The Scottish government has pledged an extra £250m over the next Holyrood term to tackle the "national disgrace" of drug-related deaths.
More than 1,200 people died of drug misuse in Scotland in 2019, a record number for the sixth year running.
First Minister Nicola Sturgeon accepted that her government "should have done more sooner" to address the issue.
But she said £50m a year would be spent over the coming term to "end what is currently a national disgrace".
This will include £20m a year for residential rehabilitation services and "significant" funding for local alcohol and drugs partnerships and grassroots organisations.
The 2019 figure of 1,264 deaths was a 6% increase on 2018, and more than double the number of deaths in 2014.
It is the worst rate recorded in Europe, and about three and a half times the rate for England and Wales.
Public health minister Joe Fitzpatrick lost his job shortly after the figures were published, with Ms Sturgeon creating a new post of drugs minister for Angela Constance.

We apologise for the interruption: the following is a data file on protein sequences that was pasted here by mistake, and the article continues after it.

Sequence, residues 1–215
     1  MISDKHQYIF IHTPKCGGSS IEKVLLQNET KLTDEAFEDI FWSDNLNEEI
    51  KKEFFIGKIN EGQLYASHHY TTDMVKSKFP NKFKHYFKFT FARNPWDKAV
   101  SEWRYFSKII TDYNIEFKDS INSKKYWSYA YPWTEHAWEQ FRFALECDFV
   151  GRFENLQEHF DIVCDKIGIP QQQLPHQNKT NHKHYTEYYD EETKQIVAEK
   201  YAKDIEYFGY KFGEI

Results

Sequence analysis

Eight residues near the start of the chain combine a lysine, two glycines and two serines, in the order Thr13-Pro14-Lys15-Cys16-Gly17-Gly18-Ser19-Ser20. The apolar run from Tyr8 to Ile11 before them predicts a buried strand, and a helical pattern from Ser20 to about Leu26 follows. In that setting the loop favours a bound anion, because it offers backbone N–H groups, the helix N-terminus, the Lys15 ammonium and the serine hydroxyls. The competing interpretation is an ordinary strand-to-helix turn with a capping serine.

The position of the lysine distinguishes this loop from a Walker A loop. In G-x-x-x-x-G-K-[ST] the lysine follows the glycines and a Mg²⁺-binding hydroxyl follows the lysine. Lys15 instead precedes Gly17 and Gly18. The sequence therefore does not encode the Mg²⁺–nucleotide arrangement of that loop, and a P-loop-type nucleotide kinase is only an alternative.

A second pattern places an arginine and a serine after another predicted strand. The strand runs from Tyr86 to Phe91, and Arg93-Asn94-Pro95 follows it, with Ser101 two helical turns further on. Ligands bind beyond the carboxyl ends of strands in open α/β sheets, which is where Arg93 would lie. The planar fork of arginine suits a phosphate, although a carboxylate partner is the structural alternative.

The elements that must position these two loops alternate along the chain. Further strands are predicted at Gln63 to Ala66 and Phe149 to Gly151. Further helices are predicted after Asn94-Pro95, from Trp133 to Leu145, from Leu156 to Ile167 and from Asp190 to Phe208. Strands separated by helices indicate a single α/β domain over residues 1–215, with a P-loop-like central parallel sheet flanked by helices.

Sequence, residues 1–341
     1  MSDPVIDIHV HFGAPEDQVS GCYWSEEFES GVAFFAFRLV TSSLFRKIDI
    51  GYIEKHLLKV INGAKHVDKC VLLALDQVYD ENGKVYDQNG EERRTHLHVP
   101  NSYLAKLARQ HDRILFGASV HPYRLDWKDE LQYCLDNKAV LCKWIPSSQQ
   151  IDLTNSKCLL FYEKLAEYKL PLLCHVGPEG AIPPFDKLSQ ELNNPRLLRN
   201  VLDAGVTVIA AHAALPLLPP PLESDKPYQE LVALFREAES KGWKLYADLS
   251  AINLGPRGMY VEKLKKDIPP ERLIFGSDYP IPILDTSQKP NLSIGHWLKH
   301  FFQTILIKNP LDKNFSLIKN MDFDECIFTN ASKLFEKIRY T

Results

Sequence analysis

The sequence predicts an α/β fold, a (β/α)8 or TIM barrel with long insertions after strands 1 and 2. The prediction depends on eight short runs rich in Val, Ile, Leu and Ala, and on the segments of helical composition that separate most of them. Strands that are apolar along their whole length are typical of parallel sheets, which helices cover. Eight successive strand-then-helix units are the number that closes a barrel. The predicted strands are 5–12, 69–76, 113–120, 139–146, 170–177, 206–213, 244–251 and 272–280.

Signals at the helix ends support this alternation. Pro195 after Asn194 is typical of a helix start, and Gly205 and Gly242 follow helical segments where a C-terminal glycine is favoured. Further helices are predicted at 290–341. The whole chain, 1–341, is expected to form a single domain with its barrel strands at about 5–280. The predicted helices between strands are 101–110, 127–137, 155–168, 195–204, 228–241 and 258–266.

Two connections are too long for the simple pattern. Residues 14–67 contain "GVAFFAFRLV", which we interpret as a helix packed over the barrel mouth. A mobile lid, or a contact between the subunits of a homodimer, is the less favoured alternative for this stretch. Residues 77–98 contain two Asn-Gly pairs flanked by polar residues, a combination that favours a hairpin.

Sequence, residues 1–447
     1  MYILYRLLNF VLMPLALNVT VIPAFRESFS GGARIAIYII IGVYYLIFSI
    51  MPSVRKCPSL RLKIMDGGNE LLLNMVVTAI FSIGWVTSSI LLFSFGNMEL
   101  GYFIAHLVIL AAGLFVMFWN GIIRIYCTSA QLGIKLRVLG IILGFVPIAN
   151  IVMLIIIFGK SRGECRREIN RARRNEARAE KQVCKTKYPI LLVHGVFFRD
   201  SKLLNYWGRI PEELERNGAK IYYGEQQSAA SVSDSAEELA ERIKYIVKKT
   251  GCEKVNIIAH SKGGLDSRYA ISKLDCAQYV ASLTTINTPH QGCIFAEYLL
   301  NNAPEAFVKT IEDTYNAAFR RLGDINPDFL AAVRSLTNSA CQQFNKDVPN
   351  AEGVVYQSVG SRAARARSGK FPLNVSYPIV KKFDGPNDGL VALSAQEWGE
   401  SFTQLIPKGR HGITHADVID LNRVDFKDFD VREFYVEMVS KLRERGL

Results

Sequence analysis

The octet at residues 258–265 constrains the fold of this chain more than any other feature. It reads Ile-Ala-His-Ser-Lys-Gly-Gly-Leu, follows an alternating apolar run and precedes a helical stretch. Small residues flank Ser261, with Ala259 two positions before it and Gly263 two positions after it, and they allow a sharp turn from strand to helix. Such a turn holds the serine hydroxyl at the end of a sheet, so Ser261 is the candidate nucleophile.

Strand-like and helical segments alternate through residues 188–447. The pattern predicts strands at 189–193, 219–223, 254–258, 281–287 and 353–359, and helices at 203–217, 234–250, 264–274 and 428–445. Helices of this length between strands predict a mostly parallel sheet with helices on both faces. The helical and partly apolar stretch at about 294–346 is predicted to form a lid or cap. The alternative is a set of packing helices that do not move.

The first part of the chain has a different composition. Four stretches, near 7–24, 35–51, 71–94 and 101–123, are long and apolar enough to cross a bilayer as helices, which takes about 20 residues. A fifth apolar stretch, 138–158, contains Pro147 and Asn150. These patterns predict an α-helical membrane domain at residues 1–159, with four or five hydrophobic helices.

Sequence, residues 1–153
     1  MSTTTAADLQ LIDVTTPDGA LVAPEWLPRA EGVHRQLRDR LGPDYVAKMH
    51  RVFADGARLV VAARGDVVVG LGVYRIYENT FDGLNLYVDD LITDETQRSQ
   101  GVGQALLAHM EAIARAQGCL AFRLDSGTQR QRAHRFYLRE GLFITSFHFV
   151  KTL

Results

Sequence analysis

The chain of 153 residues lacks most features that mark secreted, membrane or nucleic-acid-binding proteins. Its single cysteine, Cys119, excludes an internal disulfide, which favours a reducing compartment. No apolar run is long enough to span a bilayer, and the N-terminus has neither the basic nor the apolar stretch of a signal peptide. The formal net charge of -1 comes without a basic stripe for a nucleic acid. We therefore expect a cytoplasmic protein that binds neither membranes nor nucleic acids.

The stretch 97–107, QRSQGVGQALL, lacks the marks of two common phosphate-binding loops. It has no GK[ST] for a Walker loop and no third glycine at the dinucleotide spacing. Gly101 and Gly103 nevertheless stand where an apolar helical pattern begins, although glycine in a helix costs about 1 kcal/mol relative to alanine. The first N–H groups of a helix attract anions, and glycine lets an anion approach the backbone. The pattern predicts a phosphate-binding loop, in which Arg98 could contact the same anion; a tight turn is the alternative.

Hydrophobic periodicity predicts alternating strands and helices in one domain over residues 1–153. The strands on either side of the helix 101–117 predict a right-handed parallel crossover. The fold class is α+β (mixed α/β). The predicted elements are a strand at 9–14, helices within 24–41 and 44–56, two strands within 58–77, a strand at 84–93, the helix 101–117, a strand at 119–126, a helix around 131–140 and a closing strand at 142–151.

The first minister promised to embark on "a national mission to end what is currently a national disgrace".
In a statement at Holyrood, Ms Sturgeon said "significant additional resources" would be committed to tackling the "complex" issue.
This will include £5m before the end of the current financial year for "urgent" initial work, including to open extra placements in residential rehab - which the first minister said was "not as immediately accessible as it should be".
Should the SNP return to government after May's Holyrood election, a further £50m per year will then be committed, including £20m for rehab services.
Ms Sturgeon said the cash would also be used to improve toxicology services, to disrupt the supply of drugs and to "do more to tackle head on the stigma associated with drug use" and encourage more people to seek help.
The Scottish government is also exploring how to overcome legal barriers to setting up safe consumption facilities.
Scottish Conservative group leader Ruth Davidson said drug deaths were "Scotland's worst shame", adding that "more should have been done much earlier".
Ms Sturgeon said she was "not going to shy away from that", adding: "We can't turn back the clock, but we will bring more leadership and resolve to this. Often problems of this nature do fail to get the attention they deserve, and that will no longer be the case in the government I lead."
Scottish Labour's interim leader Jackie Baillie said it was "tragic it has come to this", saying the government had been warned not to cut the budgets of alcohol and drug partnerships.
The first minister warned against "suggesting there is one single policy that if we adopt it or stop doing it, everything will be solved", adding: "We need to understand the complexities of this and make sure we have the responses that are commensurate to that."